Could Credit Suisse Group AG (VTX:CSGN) be an attractive dividend share to own for the long haul? Investors are often drawn to strong companies with the idea of reinvesting the dividends. If you are hoping to live on your dividends, it's important to be more stringent with your investments than the average punter. Regular readers know we like to apply the same approach to each dividend stock, and we hope you'll find our analysis useful.
A slim 2.0% yield is hard to get excited about, but the long payment history is respectable. At the right price, or with strong growth opportunities, Credit Suisse Group could have potential. The company also returned around 4.7% of its market capitalisation to shareholders in the form of stock buybacks over the past year. Some simple analysis can offer a lot of insights when buying a company for its dividend, and we'll go through this below.
Companies (usually) pay dividends out of their earnings. If a company is paying more than it earns, the dividend might have to be cut. Comparing dividend payments to a company's net profit after tax is a simple way of reality-checking whether a dividend is sustainable. Looking at the data, we can see that 24% of Credit Suisse Group's profits were paid out as dividends in the last 12 months. We like this low payout ratio, because it implies the dividend is well covered and leaves ample opportunity for reinvestment.
Remember, you can always get a snapshot of Credit Suisse Group's latest financial position, by checking our visualisation of its financial health.
From the perspective of an income investor who wants to earn dividends for many years, there is not much point buying a stock if its dividend is regularly cut or is not reliable. Credit Suisse Group has been paying dividends for a long time, but for the purpose of this analysis, we only examine the past 10 years of payments. This dividend has been unstable, which we define as having fallen by at least 20% one or more times over this time. During the past ten-year period, the first annual payment was CHF0.10 in 2009, compared to CHF0.26 last year. This works out to be a compound annual growth rate (CAGR) of approximately 10% a year over that time. Credit Suisse Group's dividend payments have fluctuated, so it hasn't grown 10% every year, but the CAGR is a useful rule of thumb for approximating the historical growth.
Credit Suisse Group has grown distributions at a rapid rate despite cutting the dividend at least once in the past. Companies that cut once often cut again, but it might be worth considering if the business has turned a corner.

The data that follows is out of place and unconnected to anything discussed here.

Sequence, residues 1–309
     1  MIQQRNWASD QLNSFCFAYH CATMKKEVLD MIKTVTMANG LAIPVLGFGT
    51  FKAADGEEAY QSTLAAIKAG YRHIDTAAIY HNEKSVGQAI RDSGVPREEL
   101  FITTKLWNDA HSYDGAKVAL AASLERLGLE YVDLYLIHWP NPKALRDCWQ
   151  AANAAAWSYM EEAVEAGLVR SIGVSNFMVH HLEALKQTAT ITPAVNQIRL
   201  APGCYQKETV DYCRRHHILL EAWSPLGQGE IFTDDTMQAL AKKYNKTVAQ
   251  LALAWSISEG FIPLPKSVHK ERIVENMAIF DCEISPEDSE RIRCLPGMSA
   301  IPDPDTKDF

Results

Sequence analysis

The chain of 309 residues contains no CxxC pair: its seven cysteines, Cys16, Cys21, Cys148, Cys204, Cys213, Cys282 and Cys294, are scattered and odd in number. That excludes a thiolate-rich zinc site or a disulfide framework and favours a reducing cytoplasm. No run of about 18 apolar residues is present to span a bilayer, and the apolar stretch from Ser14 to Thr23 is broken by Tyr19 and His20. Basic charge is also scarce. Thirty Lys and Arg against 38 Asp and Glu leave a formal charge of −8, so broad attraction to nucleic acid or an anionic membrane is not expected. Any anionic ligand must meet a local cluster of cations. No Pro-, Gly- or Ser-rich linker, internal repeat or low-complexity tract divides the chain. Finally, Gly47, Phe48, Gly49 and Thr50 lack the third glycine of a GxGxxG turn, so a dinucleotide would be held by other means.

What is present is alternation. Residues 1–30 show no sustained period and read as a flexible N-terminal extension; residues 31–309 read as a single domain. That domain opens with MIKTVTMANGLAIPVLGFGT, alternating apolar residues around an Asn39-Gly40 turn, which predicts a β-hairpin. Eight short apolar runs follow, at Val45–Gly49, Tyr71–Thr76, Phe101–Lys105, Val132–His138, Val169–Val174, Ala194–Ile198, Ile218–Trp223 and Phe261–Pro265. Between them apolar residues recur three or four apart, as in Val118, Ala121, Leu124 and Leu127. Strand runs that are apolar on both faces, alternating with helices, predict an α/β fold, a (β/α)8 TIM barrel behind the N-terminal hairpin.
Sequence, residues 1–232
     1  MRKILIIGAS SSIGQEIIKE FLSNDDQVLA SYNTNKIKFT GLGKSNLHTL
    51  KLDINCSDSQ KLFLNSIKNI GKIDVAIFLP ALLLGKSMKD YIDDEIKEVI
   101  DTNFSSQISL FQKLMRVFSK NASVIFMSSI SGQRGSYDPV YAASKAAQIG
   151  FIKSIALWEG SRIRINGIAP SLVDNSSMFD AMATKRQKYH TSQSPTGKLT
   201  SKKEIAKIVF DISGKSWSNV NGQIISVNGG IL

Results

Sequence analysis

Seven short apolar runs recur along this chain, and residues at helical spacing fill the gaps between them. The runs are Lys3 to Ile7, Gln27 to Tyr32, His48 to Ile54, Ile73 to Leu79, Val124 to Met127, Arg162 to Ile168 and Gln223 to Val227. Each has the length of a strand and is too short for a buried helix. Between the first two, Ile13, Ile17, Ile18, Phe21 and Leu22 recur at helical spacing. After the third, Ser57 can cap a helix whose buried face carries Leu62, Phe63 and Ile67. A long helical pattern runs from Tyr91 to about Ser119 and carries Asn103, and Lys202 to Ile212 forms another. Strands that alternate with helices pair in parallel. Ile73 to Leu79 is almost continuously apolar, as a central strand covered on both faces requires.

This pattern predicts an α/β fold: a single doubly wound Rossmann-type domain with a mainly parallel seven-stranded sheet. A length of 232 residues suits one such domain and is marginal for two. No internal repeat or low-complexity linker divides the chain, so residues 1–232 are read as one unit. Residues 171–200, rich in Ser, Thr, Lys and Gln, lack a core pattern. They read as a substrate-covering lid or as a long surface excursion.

Dividend Growth Potential
Given that the dividend has been cut in the past, we need to check if earnings are growing and if that might lead to stronger dividends in the future. Credit Suisse Group's earnings per share have been essentially flat over the past five years. Over the long term, steady earnings per share is a risk as the value of the dividends can be reduced by inflation. As we saw above, earnings per share growth has not been strong. However, at least the payout ratio is conservative, and there is plenty of potential to increase this over time.
To summarise, shareholders should always check that Credit Suisse Group's dividends are affordable, that its dividend payments are relatively stable, and that it has decent prospects for growing its earnings and dividend. Firstly, we like that Credit Suisse Group has a low and conservative payout ratio. Unfortunately, the company has not been able to generate earnings growth, and cut its dividend at least once in the past. While we're not hugely bearish on it, overall we think there are potentially better dividend stocks than Credit Suisse Group out there.
Earnings growth generally bodes well for the future value of company dividend payments. See if the 14 Credit Suisse Group analysts we track are forecasting continued growth with our free report on analyst estimates for the company.
Looking for more high-yielding dividend ideas? Try our curated list of dividend stocks with a yield above 3%.
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If you spot an error that warrants correction, please contact the editor at email@example.com. This article by Simply Wall St is general in nature. It does not constitute a recommendation to buy or sell any stock, and does not take account of your objectives, or your financial situation. Simply Wall St has no position in the stocks mentioned. Thank you for reading.